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The Pointlessness of Pairing: Part Two

In February last year I wrote a piece on the frustration I feel about the effort expended on attempting to pair food with wine This was not an attempt to undermine the work of sensitive sommeliers. The best listen to their customers and their preferences, basing suggestions on information gleaned as much as any alleged suitability to the dishes being ordered. No, my concern is based on the idea that wine consumption, particularly in developing markets like Taiwan, can be increased by highlighting a particular wine region’s ability to pair well with ‘Asian Food’. Let’s forget the bizarre even arrogant notion of any one wine going with something as varied as the food of a continent that brings us the beaming chilli heat of curries produced in southern India through to the delicate and sensual nature of the finest sashimi (can you imagine a Sake producer from Japan turning up in France proclaiming that their offering was perfect with French food? Which French food exactly? Boudin Noir? Boeuf Bourguignon? Bouillabaisse?). The truth is that the vast majority of people, even wine nerds like me, buy the wine they want to drink and the food that they want to eat and barely consider any supposed synergy that might exist beyond that of choosing red for meat and white for fish.

This topic took centre stage at a recent and enjoyable tasting of Blaufrankisch from the Groszer Wein Estate in Sudburgenland. The affable and very engaging owner, Matthias Kron asked us to try some local Taiwanese food (that included spiced prawns, mackerel, bean-curd etc) with his reds suggesting that they went surprisingly well with these Taiwanese staples. In reality the pairing was merely adequate. Perhaps in comparison to the generic Merlot from Bordeaux that was also tasted, the pairing was indeed more successful. This may have been the result of the extra acidity in the Austrian wines that sliced its way through the robust flavours emanating from the small plates in front of us but it may also have been that the Blaufrankisch’ were, in this instance, simply better.

There is no doubt that people who make wine, especially Europeans, feel more comfortable if they can foster the belief in export markets that their wines sit well with the local cuisine. This is the result of being raised on a continent where wine is food (at least it is considered as such amongst the producer countries) and also on a belief that restaurants are where brands are built and trends are started. This is not the case in Taiwan. Wine consumers here drink Bordeaux and Burgundy not because it goes well with the local cuisine, but drink it because they like it and because the received opinion is that it is good.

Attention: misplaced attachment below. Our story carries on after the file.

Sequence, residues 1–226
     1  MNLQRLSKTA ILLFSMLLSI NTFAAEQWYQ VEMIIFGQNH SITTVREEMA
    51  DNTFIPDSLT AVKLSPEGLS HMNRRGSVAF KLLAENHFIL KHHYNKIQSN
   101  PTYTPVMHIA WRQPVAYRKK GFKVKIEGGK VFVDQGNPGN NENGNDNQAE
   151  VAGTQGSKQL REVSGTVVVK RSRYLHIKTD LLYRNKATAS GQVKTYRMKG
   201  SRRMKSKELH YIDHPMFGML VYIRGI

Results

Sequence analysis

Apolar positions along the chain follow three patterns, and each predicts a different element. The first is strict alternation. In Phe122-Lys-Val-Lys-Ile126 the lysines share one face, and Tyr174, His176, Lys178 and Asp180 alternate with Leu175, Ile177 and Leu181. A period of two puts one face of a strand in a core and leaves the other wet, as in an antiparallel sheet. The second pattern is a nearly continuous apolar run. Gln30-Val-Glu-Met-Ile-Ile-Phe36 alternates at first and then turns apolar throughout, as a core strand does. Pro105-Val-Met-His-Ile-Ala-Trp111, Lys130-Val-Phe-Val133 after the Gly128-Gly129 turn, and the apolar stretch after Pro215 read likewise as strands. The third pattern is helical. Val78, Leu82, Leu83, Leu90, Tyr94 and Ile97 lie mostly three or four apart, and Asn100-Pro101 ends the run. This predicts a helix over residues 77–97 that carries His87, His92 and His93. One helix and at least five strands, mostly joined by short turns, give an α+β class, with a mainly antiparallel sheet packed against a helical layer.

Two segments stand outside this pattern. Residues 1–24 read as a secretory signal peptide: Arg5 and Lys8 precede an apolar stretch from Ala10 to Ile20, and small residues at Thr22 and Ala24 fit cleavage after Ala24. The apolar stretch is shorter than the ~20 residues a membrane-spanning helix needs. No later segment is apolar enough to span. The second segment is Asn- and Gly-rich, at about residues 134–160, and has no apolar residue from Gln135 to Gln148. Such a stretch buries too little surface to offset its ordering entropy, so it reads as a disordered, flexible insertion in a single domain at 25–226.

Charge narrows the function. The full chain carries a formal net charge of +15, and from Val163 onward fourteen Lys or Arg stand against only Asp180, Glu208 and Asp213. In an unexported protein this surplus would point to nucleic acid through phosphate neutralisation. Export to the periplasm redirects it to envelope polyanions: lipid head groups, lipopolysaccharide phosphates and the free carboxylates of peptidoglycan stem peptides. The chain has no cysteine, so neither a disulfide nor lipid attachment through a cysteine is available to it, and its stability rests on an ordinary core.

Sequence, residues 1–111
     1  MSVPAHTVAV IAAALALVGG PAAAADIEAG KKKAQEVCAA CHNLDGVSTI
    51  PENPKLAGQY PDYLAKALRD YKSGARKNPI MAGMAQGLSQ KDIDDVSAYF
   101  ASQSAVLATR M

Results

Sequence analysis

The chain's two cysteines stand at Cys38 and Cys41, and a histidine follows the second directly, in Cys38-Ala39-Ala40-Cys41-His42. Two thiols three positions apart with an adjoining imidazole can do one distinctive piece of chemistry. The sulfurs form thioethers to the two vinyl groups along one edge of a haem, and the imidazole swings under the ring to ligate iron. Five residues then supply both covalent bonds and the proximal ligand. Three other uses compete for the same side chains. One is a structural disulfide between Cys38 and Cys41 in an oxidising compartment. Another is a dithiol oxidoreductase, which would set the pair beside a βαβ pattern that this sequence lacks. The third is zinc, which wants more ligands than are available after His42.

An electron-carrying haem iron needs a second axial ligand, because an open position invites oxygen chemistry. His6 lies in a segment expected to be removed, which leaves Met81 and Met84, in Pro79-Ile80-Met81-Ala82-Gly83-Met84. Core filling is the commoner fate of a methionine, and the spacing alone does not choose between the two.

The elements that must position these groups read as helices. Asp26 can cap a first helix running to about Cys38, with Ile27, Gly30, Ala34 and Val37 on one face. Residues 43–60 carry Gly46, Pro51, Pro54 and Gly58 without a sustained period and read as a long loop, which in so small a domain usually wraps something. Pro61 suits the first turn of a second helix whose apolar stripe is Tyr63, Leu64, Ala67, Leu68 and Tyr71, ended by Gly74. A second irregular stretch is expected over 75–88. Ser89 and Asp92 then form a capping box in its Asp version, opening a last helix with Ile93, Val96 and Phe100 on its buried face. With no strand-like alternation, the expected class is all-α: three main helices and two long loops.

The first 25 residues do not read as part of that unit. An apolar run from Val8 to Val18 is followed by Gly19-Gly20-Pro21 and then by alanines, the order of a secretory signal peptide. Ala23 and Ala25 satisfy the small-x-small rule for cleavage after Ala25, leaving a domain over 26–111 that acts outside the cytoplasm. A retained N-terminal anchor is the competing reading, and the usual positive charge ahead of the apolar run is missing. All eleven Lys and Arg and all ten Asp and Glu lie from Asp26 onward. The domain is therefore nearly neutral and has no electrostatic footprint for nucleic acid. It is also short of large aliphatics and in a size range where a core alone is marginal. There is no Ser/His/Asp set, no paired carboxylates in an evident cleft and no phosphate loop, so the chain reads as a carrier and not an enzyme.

This is what Blaufrankisch needs to thrive. It needs presence in the market, it needs champions in the media, it needs representation. When people are able to say ‘I love Blaufrankisch’ because it has become relatively familiar to them, the ability to pair with mackerel, bean curd or a spiced prawn will be irrelevant; people will buy it because they like it.

Below are notes for two of the delicious wines presented by Matthias, I urge you to drink them..with whatever and whomever you like.

Groszer Wein Estate, Der Gemischte Satz Rose 2014, 11.5%
Grape: Blaufrankisch, Zweigelt and Merlot
Winemaking: Steel
Note: Crisp and fresh, slightly unripe red fruit, redcurrant, strawberry with saliva inducing acidity and a pleasing drag of tannin across the tongue that provides interest and drinkability. Simple but thirst quenching stuff that encourages consumption.
Price: 950NT (for a 1 litre bottle)
Score: 15.5/20
Available from: Elf Land 

Groszer Wein Estate, Blaufrankisch ‘Vom Riegl’ 2012, 13.5%
Grape: Blaufrankisch
Winemaking: Mixture of different sized oak
Note: Perfumed yet earthy with an alluring stewed cherry character, this is brisk and refreshing with a verve that permeates all of Matthias’ wines. The presence of fine and pithy tannins promises enjoyable drinking over the next five years.
Price: 1350NT (for a 1 litre bottle)
Score: 17/20
Available from: Elf Land

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